...the intensity of the resistance we face in Iraq does call into doubt the much larger plan underlying our decision to go to war. Almost everything that we hope to accomplish in post-war Iraq depended on the belief that we would be treated as liberators, that the Iraqi people would embrace and support us and be eager to cooperate.
As Marine Brig. Gen. John Kelly put it last week, "What we were really hoping for was just to go through and everyone would wave flags and all that.''
In places, that may yet occur. But the suicide bombing that killed four Marines Saturday, and the chilling, fanatical eagerness of Iraqis to confront our troops even though vastly outarmed, indicates that the situation is far more complicated than we were led to believe.
These people resent us, and many of them hate us bitterly. Beating them will not make them like us any better; it will not change their minds. Under the indignity of foreign Christian occupation, whatever gratitude they may initially feel for being rescued from Saddam Hussein will degrade into sullen insolence.
It is now impossible to believe that we can occupy Iraq with a mere 60,000 troops, as the administration promised. We will not, as promised, be able to exit the country altogether in just a year or two. We will not, as promised, be able to impose some form of pro-American democracy and leave behind a peaceful Iraq as a model for other Arab nations.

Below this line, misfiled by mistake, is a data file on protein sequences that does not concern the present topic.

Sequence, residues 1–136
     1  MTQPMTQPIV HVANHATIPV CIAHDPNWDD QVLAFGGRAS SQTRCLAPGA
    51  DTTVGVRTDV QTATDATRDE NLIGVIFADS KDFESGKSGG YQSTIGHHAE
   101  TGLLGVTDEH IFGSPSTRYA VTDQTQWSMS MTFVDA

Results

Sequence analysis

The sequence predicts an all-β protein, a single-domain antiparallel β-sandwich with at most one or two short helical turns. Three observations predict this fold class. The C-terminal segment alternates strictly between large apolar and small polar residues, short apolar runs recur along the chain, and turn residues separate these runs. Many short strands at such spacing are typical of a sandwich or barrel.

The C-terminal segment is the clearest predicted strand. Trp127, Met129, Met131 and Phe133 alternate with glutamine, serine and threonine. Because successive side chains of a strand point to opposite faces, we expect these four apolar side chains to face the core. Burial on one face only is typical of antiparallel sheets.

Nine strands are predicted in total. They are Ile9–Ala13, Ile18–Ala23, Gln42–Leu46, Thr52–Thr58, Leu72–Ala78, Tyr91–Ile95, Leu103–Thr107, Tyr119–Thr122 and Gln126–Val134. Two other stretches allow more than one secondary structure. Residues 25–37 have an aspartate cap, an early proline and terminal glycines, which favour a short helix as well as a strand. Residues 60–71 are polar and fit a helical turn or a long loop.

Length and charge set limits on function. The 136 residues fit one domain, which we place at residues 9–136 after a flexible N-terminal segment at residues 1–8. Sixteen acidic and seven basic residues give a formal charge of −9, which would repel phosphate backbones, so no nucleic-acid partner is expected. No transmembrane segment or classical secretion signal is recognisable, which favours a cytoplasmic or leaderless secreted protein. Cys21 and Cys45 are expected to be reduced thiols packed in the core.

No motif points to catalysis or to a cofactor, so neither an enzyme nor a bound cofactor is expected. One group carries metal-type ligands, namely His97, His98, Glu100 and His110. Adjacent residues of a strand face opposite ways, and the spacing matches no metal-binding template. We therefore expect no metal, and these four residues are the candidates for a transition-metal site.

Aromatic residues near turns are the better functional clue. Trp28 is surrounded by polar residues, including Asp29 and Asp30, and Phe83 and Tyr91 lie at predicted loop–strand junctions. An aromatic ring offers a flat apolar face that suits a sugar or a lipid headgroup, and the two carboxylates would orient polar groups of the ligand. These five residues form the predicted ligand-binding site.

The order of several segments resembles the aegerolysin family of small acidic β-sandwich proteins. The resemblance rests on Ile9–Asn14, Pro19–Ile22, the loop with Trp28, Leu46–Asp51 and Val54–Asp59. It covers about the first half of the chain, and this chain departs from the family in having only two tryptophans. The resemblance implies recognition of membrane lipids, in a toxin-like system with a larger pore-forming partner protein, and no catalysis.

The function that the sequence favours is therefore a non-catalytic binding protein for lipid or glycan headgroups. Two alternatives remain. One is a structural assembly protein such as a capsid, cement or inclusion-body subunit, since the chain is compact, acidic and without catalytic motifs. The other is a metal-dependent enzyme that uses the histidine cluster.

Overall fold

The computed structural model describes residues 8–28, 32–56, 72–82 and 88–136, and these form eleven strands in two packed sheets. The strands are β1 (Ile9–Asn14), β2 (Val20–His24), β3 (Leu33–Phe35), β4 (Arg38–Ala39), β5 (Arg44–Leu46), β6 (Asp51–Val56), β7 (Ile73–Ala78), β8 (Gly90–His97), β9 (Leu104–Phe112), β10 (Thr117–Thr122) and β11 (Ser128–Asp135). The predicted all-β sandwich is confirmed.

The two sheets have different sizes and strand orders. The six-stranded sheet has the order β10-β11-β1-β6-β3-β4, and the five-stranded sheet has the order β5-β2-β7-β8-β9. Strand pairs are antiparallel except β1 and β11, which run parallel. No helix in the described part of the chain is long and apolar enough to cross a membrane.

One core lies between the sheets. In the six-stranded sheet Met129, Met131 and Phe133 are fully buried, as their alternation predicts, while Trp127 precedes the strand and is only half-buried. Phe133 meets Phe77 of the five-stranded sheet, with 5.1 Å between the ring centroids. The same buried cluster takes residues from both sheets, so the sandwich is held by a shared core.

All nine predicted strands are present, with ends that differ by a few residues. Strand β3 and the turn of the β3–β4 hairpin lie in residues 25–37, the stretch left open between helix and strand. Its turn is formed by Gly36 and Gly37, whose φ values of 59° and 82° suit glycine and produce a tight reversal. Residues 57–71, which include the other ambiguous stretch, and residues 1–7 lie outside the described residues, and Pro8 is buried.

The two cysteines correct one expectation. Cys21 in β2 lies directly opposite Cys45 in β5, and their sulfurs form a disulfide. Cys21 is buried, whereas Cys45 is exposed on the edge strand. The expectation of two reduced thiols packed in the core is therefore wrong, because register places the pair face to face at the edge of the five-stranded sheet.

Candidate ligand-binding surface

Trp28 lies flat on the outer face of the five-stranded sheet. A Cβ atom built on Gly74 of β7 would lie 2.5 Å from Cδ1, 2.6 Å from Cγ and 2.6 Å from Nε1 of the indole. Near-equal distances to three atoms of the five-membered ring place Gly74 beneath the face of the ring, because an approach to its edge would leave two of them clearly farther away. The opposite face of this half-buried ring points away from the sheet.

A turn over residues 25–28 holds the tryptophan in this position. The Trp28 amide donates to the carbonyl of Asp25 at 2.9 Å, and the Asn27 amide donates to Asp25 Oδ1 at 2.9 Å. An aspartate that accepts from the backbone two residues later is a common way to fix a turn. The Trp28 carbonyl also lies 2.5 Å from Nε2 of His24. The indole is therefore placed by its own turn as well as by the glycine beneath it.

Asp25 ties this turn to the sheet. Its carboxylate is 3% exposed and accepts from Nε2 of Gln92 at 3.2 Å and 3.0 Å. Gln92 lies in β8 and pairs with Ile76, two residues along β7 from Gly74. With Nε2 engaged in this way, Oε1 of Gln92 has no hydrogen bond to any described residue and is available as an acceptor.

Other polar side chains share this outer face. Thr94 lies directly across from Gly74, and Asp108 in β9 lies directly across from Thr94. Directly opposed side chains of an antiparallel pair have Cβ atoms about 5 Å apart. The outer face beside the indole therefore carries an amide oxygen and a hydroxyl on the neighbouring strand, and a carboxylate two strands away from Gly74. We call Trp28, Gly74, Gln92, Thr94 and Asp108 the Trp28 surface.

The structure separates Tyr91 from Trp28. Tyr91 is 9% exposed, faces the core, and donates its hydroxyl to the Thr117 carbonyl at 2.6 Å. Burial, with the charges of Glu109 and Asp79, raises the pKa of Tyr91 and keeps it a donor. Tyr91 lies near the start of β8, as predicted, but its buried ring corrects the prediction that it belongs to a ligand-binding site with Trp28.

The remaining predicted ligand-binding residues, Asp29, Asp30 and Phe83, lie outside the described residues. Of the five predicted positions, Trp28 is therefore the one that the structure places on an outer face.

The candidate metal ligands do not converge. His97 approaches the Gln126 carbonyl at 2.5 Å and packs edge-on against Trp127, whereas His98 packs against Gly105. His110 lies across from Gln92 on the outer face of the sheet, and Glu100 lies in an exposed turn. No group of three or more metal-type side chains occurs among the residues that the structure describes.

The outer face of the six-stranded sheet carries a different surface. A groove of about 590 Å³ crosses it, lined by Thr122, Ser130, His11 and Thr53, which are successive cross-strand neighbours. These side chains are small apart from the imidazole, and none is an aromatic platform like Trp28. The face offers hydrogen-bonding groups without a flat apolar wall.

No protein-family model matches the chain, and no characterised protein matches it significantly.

Those dreams, always fanciful, have died.
When U.S. soldiers finally do march into Baghdad, they will not be treated as their great-grandfathers had been treated as they marched into Paris. The closer comparison may be to Israeli troops patrolling the Occupied West Bank, which is terrifying. No American wants to see our troops placed in a situation where they feel compelled to shoot 12-year-old rock-throwers.
As that heartbreaking realization sinks in, administration officials are already trying to claim that they expected this kind of reception all along. That is, to put it bluntly, a lie.
There is also a chat transcript with Bookman about this piece, which has some good questions and follow-up. Note that these events strongly point to the rise of an American Empire in the middle east, a new era of forcible colonialization. This si not the desire of the people but the situation there will inexorably evolve towards that occupation reality. Bookman predicted that empire was the goal of the Administration back in September. Whether explicitly the goal or not, that is where we are heading. That is where this road leads.
In related news, Ambassadors John Brady Kiesling, John Brown, and Mary A. Wright have all tendered their resignations to Secretary of State Colin Powell. The names link to the text of their respective resignation letters. The brain drain will continue - and this will further entrench the policies of the Administration because the counterbalancing arguments will be less and less representative. The President has always been surrounded by Yes-men and the will continue to harm our policy objectives.